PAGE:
• 1
    World Health Organisation. Obesity: Preventing and Managing the Global Epidemic. Report of a WHO Consultation. WHO Technical Series 894. World Health Organisation: Geneva, 2000.
  • 2
    National Audit Office. Tackling Obesity in England. Stationery Office: London, 2001.
  • 3
    Donaldson L. Annual Report of the Chief Medical Officer for England 2002. Department of Health: London, 2003.
  • 4
    Health Committee of the House of Commons. Obesity. Third Report of Session 2003–04, HC 23-1, Vol. 1. The Stationery Office: London, 2004.
  • 5
    Lang T, Dowler E, Hunter D. Review of the Scottish Diet Action Plan: Progress and Impacts 1996–2005. Report 2005/2006 RE036. NHS Scotland: Edinburgh, 2006.
  • 6
    Scottish Executive. Scottish Health Survey 2003. Scottish Executive: Edinburgh, 2005.
  • 7
    National Audit Office. Health of the Nation: A Progress Report. HC 458 1995/96. Comptroller and Auditor General: London, 1996.
  • 8
    Department of Health. Health Profile of England. Department of Health: London, 2006, p. 112.
  • 9
    Department of Health. Health Challenge England: Next Steps for Choosing Health. Department of Health: London, 2006, p. 40.
  • 10
    Department of Health. Local Area Agreements and Local Public Service Agreements. Department of Health: London, 2005.
  • 11
    Chinn S, Rona RJ. Prevalence and trends in overweight and obesity in three cross-sectional studies of British children 1974–94. BMJ 2001; 322: 2426.
  • 12
    Commission of the European Communities. Promoting Healthy Diets and Physical Activity: A European Dimension for the Prevention of Overweight, Obesity and Chronic Diseases. Green Paper, Brussels, 08.12.2005 COM(2005) 637 final. CEC: Brussels, 2005.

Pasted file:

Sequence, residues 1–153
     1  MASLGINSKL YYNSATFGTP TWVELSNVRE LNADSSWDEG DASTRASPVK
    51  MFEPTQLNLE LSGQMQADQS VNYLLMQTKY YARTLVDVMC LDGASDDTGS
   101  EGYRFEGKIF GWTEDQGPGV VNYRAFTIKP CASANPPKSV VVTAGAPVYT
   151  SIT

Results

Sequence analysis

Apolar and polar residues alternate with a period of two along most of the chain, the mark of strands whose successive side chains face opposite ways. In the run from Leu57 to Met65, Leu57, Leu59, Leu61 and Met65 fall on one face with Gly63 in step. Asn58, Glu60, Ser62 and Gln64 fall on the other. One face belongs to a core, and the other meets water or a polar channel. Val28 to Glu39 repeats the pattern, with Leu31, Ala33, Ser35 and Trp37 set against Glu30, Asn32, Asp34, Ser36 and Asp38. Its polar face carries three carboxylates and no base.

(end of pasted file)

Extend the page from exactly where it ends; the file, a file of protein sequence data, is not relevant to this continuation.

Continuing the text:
• 13
    Dunman J. Agriculture: Capitalist and Socialist. Lawrence & Wishart: London, 1975.
  • 14
    Brandt K. The Reconstruction of World Agriculture. George Allen & Unwin: London, 1945.
  • 15
    Body R. Agriculture: The Triumph and the Shame. Temple Smith: London, 1982.
  • 16
    Schlosser E. Fast Food Nation. Houghton Mifflin: New York, 2001.
  • 17
    Critser G. Fatland: How Americans Became the Fattest People in the World. Penguin: London, 2003.
  • 18
    Brownell KD, Horgen KB. Food Fight. McGraw-Hill: New York, 2003, p. 352.
  • 19
    Kuchler F, Golan E. Is there a role for government in reducing the prevalence of overweight and obesity? Choices Magazine (a publication of the American Agricultural. Economics Association). 2004; 19: 4145.
  • 20
    Lobstein T, Baur L, Uauy R. Obesity in children and young people: a crisis in public health. A report to the World Health Organisation. Obes Rev 2004; 5(Suppl. 1): 485.
  • 21
    Robertson A, Tirado C, Lobstein T, Jermini M, Knai C, Jensen JH, Ferro–Luzzi A, James WPT. Food and Health in Europe: A New Basis for Action. World Health Organisation Regional Office for Europe: Copenhagen, 2004.
  • 22
    Department of Health. Health Challenge England: Obesity (factsheet). 277472/F 1p 1k Oct 06 (FMP). Department of Health: London, 2006, p. 4.
  • 23
    Wanless D. Securing Our Future Health: Taking a Long-Term View. HM Treasury: London, 2002.
  • 24
    James WPT, Rigby N, Leach R. The obesity epidemic, metabolic syndrome and future prevention strategies. Eur J Cardiovasc Prev Rehabil 2004; 11: 38.
  • 25
    Peña M, Bacallao J. Obesity and Poverty: A New Public Health Challenge. Pan American Health Organisation of the WHO (PAHO): Washington, DC, 2000.